LADOL insists 1% free zone charge is statutory

Managing Director, LADOL, Amy Ladi Jadesimi

The management of LADOL Free Zone has insisted that all charges levied in the zone are statutory, including the recently referenced one per cent charge.

It described the one per cent charge as “government fee”, which must be paid in line with the requirements for investments at the free zone, as duly communicated to all by the Federal Government.

In an interview session, the Managing Director, LADOL Free Zone, Amy Jadesimi, said: “All tariffs are mandated by Federal Government policy, which are subsequently issued within a transparent framework.

“No free zone enterprise operating in LADOL Free Zone has ever been charged any amount by management or the authority that was not on the government approved tariff schedule.”

She said the enterprises operating within the LADOL Free Zone, and the related parties have met with and discussed these charges with government in detail.

“This is not a unilateral action and to state otherwise is incorrect,” she stressed.

According to Jadesimi, to operate within a free zone, companies must meet certain legal criteria, which include compliance with zone regulations on employment and working conditions, and obeying free zone rules and the laws of the Federal Republic of Nigeria.

Free zones in Nigeria, she explained, offer investors a peaceful, safe, and cost-effective environment, with minimal bureaucracy.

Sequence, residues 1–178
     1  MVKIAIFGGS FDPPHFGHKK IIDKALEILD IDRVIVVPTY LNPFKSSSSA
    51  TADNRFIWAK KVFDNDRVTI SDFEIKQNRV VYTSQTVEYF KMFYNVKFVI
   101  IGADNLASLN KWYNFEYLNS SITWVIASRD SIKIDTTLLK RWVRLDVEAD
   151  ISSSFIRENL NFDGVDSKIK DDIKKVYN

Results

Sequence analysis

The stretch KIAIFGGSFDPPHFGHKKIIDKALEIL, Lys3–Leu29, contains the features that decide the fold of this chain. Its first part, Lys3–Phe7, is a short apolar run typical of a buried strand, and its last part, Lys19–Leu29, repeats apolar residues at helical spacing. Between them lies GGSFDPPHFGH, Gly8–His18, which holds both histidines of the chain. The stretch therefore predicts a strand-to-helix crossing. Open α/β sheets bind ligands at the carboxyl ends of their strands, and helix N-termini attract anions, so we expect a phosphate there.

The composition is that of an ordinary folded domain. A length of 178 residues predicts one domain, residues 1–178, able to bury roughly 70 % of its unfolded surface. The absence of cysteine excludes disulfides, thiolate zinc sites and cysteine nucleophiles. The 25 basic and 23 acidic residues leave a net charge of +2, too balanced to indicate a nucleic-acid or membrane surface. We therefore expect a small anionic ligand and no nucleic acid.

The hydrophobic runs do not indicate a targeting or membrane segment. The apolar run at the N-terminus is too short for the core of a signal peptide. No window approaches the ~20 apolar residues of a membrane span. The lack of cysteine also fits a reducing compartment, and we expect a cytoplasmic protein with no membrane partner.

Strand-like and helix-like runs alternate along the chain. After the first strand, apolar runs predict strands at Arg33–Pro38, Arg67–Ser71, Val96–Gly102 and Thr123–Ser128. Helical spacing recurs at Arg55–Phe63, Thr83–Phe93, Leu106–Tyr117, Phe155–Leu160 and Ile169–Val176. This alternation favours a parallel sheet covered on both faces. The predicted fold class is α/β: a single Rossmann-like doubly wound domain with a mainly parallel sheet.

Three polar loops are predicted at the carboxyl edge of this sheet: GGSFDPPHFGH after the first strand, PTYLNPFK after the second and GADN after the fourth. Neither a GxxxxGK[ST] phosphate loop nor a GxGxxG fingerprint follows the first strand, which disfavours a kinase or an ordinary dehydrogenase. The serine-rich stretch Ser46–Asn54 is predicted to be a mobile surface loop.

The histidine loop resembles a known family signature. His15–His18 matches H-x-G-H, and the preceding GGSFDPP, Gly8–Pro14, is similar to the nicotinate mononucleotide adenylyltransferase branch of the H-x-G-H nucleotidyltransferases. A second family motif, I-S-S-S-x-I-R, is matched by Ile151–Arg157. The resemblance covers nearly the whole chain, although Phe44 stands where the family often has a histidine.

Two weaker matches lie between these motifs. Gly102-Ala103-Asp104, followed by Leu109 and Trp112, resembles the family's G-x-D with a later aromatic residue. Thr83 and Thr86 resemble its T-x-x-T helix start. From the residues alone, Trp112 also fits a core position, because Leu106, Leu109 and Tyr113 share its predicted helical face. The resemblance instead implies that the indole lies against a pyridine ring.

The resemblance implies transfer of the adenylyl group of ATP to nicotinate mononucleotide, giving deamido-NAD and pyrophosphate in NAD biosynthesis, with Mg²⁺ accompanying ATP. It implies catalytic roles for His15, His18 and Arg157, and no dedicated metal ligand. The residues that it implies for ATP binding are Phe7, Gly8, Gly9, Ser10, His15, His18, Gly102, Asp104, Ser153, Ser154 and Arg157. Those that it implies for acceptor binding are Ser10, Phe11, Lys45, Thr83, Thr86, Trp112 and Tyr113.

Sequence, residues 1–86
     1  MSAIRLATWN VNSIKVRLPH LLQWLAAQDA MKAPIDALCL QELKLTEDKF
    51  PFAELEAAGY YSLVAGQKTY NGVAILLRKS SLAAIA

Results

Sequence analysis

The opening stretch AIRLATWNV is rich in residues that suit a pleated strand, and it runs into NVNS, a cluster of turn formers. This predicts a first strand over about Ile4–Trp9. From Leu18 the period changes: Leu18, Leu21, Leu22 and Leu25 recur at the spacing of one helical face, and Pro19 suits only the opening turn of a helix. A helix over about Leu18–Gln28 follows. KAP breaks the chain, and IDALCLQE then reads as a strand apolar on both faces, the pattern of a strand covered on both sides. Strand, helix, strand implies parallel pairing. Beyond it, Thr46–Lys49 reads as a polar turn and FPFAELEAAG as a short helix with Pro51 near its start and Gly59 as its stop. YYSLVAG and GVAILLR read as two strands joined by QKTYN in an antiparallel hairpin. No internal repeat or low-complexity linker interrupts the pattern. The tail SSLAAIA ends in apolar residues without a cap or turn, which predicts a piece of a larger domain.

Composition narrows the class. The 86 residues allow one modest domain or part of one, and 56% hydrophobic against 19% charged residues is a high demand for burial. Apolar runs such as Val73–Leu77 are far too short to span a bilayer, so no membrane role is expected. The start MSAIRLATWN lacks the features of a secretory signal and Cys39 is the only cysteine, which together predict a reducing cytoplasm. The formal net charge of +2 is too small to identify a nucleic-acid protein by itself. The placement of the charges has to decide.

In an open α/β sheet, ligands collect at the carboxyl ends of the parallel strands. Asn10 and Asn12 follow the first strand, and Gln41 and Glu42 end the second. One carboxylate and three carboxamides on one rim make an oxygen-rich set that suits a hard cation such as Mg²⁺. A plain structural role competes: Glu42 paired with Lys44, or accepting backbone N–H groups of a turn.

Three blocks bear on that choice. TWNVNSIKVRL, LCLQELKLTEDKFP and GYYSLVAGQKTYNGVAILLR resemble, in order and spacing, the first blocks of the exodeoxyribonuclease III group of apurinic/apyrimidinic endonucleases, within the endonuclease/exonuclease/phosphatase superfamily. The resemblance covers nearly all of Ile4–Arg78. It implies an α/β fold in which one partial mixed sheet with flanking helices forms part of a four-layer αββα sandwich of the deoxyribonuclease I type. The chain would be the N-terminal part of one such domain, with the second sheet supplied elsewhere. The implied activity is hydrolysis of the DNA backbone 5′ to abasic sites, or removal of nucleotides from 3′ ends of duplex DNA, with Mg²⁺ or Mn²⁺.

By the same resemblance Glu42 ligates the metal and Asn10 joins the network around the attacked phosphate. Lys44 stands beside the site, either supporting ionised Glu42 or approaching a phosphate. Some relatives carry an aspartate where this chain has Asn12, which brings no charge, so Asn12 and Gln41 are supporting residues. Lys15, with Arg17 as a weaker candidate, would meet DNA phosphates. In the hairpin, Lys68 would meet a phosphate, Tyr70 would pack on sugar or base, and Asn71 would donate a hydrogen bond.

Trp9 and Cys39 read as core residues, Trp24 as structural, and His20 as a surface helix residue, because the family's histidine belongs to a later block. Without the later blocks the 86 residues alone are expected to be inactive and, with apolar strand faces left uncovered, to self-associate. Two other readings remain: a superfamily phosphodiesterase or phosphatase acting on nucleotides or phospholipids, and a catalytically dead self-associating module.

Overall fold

She added: “By design, the benefits foreign companies enjoy far outweigh the statutory charges levied by the free zone management and authority.

The charges are known and required to maintain the zones and the Free Zone Scheme.”
T
he LADOL boss noted that operating in LADOL under the Federal Government’s ‘Ease of Doing Business’ results in real local content development, which in turn means real cost savings for the companies operating in the free zone, and the creation of thousands of jobs for Nigerians.

Jadesimi said LADOL remained committed to the quest to industrialised Nigeria, and making it the hub for trade and job creation.

Also commenting on the issue bordering on licensing, she said: “It is done on the basis of the law. The law determines our stand.”

Nigeria, she noted, stand to benefit a great deal from the happenings at the trade zone, which she said would be a huge success if all stakeholders continued to work together to create more opportunities for businesses.

In this article:
Amy JadesimiLADOL
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